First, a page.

The Alchemist's Lair
Thoughts on writing, language, life as a freelancer,
and what comes to mind.
and what comes to mind.
A while ago Lucy Brooks, founder of eCPD Webinars, posted an interesting article on professional development (entitled Making sense of the CPD maze) describing success in training as a 4-step process going from setting your learning goals to reflecting on the courses undergone to build on your experiences for future improvement.
Having recently marked the 500th hour of CPD training myself, the article made me think about how my experiences as a learner had an impact on my choices as a trainer. It also made me investigate deeper into what I define as "successful CPD" and on the crucial role the choice of our training has in its overall outcomes and satisfaction.
So, how can we choose what's best for us in the ocean of CPD opportunities available out there? What criteria should we pay attention to when selecting our training? Looking back at my path as a learner, I identified 3 key areas.
#1 Know how you learn best
Some people are very good at learning through examples, others prefer taking notes over a traditional lesson, or looking at graphs and charts, or rather read a book themselves ... We all have our strengths and weaknesses, and our learning also depends on them.
As an example, those enjoying a learn-by-doing approach would find a workshop more rewarding than a lecture, because a workshop comes with a larger practical portion. This makes the learning experience more active and challenging, fostering attention and engagement.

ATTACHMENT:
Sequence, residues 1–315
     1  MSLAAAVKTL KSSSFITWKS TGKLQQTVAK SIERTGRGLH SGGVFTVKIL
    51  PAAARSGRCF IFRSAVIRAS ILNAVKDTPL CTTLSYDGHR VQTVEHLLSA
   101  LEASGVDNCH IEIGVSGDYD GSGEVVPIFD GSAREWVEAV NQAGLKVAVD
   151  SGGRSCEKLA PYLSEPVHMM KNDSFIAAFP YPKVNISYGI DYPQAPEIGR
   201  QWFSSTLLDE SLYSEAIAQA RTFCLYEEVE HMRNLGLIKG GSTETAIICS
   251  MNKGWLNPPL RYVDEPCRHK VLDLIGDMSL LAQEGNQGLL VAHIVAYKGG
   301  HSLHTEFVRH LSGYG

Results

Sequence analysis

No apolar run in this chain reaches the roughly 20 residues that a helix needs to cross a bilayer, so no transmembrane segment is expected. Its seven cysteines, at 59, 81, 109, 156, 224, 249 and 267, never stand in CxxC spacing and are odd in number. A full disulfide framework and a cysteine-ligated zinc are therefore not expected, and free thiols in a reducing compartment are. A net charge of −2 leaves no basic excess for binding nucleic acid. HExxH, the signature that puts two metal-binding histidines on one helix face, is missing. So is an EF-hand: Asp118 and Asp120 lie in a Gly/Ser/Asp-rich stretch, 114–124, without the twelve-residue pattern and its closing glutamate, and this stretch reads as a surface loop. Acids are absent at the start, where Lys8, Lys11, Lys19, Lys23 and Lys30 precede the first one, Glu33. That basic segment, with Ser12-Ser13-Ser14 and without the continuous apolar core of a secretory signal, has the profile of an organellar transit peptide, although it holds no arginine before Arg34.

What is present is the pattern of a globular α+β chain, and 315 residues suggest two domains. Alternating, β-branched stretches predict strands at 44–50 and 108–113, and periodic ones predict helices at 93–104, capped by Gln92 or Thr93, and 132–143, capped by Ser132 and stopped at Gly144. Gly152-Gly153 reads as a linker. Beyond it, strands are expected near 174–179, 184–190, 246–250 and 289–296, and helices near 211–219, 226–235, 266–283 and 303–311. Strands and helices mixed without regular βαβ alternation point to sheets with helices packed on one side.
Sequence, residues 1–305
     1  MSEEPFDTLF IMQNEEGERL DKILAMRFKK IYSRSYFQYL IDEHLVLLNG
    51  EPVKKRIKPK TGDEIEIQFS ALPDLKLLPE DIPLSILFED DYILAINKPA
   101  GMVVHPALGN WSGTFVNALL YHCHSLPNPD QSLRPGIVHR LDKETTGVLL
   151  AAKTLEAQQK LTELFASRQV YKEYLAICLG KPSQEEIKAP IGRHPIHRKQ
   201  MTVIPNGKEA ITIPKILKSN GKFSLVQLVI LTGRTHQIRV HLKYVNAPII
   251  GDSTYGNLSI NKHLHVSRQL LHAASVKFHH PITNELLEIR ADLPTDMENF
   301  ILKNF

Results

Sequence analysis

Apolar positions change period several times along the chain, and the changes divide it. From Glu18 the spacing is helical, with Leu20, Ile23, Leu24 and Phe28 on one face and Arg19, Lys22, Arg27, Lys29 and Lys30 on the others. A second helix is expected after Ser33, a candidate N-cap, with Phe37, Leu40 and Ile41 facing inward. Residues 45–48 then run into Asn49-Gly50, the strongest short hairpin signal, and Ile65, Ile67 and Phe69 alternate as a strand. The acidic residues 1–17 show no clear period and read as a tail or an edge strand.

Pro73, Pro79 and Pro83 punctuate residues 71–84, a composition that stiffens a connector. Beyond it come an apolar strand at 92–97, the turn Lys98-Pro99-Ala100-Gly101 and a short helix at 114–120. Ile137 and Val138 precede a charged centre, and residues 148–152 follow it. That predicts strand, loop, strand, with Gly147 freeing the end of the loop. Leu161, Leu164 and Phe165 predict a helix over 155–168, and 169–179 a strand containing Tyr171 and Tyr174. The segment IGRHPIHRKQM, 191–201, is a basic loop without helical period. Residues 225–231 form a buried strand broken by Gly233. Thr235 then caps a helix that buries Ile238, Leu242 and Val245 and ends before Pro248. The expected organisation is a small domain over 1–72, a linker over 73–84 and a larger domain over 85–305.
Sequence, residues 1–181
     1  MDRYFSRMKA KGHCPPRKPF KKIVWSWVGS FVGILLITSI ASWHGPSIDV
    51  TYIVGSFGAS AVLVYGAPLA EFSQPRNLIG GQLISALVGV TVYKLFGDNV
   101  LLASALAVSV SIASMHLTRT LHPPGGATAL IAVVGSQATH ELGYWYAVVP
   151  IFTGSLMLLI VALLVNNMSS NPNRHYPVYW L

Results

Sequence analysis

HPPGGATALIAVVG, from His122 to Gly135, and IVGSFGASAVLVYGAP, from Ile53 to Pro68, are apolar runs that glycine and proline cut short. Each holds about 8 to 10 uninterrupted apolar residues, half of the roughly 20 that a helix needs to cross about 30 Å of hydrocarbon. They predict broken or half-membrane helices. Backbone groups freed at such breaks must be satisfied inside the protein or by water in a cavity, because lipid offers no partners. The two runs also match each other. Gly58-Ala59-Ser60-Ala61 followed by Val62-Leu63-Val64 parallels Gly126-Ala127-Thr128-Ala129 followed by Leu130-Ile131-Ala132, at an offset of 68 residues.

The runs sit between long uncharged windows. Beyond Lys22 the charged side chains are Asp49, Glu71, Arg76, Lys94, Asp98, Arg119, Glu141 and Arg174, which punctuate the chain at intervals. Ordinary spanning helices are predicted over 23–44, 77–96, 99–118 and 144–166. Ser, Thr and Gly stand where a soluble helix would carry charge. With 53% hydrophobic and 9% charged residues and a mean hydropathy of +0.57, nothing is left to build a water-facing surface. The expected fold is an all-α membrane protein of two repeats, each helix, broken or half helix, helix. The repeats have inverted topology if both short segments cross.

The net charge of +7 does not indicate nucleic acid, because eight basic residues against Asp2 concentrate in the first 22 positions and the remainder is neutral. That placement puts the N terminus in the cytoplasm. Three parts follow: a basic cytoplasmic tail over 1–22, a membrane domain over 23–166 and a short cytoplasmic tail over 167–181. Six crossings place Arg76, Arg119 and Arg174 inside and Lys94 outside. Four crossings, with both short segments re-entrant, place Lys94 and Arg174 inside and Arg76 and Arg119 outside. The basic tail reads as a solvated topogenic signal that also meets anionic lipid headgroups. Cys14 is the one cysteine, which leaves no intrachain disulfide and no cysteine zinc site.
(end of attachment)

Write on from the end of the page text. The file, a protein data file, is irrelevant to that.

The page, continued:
Therefore, it is important to know a bit about ourselves, and what makes us switch to learning mode. This wouldn't only make us feel more motivated, but would also help us select the forms of training that works best for us.
#2 Size matters
A while ago, I was asked whether I would have been interested in offering a one hour webinar (including Q&A) about a very broad and complex topic. I refused, as 60 minutes just weren't enough to come up with a good overview of the main aspects involved, and made sure to tell my counterpart about the reasons why I wasn't interested.
Truth is, good training is just like a pair of shoes: it has to look appealing on the outside as much as it needs to be "comfortable", for all parties involved. In fact, the trainer needs to have enough time to provide participants with "real" content about the topic, whilst participants need to be given enough time to digest the information provided easily.
CPD comes in all sizes and formats, from shorter sessions and presentations (20 to 60 minutes) up to 2-day workshops or monthly courses (and more). Some topics can be addressed in one hour or less, others just need more time.
Before enrolling in a course, we should take a closer look at the session agenda and assess whether the format and duration of the lesson fit the discussion topic.
#3 Prioritise your learning
With the wealth of free learning opportunities out there, the risk of "overdoing" it is just off the corner. However, as Lucy points out in her article, planning is a crucial step in the success of our professional development activities. One of the most important things I learned about this is that it is also important to prioritise our learning - that is, if you really want to make the most out of it.
Learning a bit about this and a bit about that can be a good idea when you're just starting off in your career, because it will provide you with a general overview of topics and areas you might want to specialise on in the future. However, if you're really serious about specialising in a specific field/area, you should quit "snack sized learning" and focus on a limited number of topics.
Prioritising activities by choosing from a limited range of areas will make your overall learning more consistent, and you will gain a deeper understanding of your chosen topic. Additionally, this would make it all more manageable, profitable, and enjoyable.
How do you plan for training and professional development opportunities? What are the characteristics you seek in a course? Is CPD something you enjoy or you feel like it "needs to be done"?